The Wild Side of Cambridge Glass

by Georgia G. Otten

"Wild Thing, you make my heart sing. You make everything groovy. Wild Thing, I think I love you"

Now, consider a glass collection. Some of the Cambridge glass collectors (and they might be your friends) go so far with their passion that they may even be taking a walk on the 'wild' side of Cambridge. Shall I continue? I dare say Wild Rose Punch set your eyes have already scanned this page to find out what is in the article. However, cool down, it is nothing more than a way to have you consider a grouping with a Cambridge theme.

At the recent Benefit Auction, our Crystal Ball Editor asked, once again, for articles to be submitted for publication in the 'skinny' Crystal Ball. He also indicated that the articles do not have to be 'in depth' discussions. Ah-h-h that means this article qualifies ...just want you to see that it is easy to put something together. Just a theme ... "Wild" ... and that's all it took!

Did you see the punch set, in Amber, at the auction? #3200 Near Cut line, Cut Wild Rose. Wonderful!

Having mentioned the Cut Wild Rose, I will begin with that as one of the five items I have to discuss from the 'Wild' side of Cambridge glass. As mentioned, it is a Near Cut pattern and was produced in not only the punch set but also cream and sugars, berry sets, compotes, vases and various bowls. The punch set is known in Amber and Carmen as well as crystal. In an article by Ruth Forsythe (C.B. Issue #2) she discusses the name 'cut wild rose' and how it appears that a rose bud was cut in half lengthwise "exposing the inner beauty of the rose in the pattern." She also said, "We always think of wild rose as a single flower with five petals." And that brings me to the second of the items found for "Wild."

Wild Rose Etching     Wild Ducks etching "Wild Rose" is one of the Named Etchings by Cambridge. According to the Etchings By Cambridge Volume 1, the earliest reference found was in a 1929 Trade Publication and the etching can be found on stemware lines #3050, #3051, and #3060. In the picture you can see very clearly the "flower with five petals" as previously mentioned.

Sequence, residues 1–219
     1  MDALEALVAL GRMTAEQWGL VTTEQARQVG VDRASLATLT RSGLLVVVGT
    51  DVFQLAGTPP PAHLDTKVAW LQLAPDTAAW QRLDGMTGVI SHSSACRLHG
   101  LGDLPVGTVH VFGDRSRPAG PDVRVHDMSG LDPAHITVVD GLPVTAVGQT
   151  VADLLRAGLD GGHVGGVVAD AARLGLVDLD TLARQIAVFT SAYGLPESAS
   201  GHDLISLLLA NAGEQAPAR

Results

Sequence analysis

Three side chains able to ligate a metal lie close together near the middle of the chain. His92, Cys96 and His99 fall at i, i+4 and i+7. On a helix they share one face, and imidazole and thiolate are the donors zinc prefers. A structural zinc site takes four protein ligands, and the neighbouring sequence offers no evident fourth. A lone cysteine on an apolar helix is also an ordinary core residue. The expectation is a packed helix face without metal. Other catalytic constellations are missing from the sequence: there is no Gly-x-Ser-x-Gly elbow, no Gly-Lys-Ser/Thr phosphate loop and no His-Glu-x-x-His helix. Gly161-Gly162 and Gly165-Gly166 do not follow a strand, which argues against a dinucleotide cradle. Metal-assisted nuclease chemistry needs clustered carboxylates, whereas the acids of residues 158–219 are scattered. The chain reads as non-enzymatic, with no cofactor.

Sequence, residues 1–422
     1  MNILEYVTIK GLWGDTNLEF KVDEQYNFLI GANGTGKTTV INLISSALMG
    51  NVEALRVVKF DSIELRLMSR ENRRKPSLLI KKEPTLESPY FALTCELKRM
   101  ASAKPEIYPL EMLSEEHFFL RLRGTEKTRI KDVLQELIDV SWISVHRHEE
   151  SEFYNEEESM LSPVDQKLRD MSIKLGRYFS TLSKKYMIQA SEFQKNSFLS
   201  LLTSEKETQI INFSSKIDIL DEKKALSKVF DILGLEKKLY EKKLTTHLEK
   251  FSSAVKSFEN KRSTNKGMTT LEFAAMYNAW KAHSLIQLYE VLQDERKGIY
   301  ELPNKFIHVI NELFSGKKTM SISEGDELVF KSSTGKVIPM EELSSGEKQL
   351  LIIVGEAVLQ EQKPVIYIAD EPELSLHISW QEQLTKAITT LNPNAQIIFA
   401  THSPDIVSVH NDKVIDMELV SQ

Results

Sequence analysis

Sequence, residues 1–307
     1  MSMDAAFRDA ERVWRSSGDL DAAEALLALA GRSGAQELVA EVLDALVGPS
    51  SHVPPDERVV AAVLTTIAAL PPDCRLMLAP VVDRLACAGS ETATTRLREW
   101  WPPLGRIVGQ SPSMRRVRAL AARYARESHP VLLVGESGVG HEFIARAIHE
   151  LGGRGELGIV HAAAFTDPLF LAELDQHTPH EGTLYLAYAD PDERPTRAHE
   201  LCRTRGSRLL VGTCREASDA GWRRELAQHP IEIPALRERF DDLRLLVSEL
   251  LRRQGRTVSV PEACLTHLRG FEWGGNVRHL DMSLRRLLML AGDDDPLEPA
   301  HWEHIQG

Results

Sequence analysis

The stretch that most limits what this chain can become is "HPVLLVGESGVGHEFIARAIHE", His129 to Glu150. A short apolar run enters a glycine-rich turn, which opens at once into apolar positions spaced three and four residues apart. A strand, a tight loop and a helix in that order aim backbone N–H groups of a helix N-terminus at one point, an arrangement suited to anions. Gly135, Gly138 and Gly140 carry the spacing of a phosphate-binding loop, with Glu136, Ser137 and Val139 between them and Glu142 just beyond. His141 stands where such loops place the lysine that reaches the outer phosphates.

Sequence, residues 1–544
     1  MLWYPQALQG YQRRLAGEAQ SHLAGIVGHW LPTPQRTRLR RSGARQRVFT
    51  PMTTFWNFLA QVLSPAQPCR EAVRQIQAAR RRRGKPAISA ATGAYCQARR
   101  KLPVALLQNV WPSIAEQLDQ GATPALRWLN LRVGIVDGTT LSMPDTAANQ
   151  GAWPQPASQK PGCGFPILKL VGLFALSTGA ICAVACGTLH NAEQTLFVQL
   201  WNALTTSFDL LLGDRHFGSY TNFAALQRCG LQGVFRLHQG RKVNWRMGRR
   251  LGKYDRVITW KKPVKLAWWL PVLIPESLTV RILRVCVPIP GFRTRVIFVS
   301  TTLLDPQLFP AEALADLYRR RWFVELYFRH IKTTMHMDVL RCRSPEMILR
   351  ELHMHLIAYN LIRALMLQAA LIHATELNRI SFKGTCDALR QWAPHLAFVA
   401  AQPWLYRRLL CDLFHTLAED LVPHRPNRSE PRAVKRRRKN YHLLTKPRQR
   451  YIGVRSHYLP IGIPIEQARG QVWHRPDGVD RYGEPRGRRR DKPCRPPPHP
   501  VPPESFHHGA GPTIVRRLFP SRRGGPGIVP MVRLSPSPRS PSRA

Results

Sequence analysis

The next item using the 'Wild' word is "Wild Ducks" found alphabetically just ahead of Wild Rose in the Etchings by Cambridge Volume 1. As a gold encrusted decorate, this etching is known on the #643, 2-piece ash receiver in Ebony. That's it for thatůsimple enough, now just try to find it!

Wildflower etching Early Wildflower etching Wildflower vase Next in the 'Wild' category is the wonderful and well-known Cambridge etching, Wildflower. The earliest reference to this etching is 1935. Wildflower was used on the major lines 3400, 3500 Gadroon, 3600 Martha, Pristine and 3900 Corinth. The etching will also appear on many candleholders, tumblers, various relish dishes and a #3650 bell. An entire book is available on the etching Wildflower. The etching is primarily found on crystal, plain or with gold edge, and will appear on some Amber and Gold Krystol pieces. Though elusive, there are some Cambridge examples in Ebony with gold encrusted Wildflower.

The last item I have found is a numbered etching, E517. Collectors often refer to this etching as "Early Wildflower" so I am including it in the 'Wild' category! This etching can be found plain or with a gold encrustation and will be found on relish dishes, the #680 compact and #142 & #152 marmalade.

And there you have it ... everything you ever wanted to know about "The Wild Side of Cambridge." One question, are you humming, " Wild Thing, I think I love you?" Collecting Cambridge glass is a "wild thing' and yeah, I do love it ... you make my heart sing!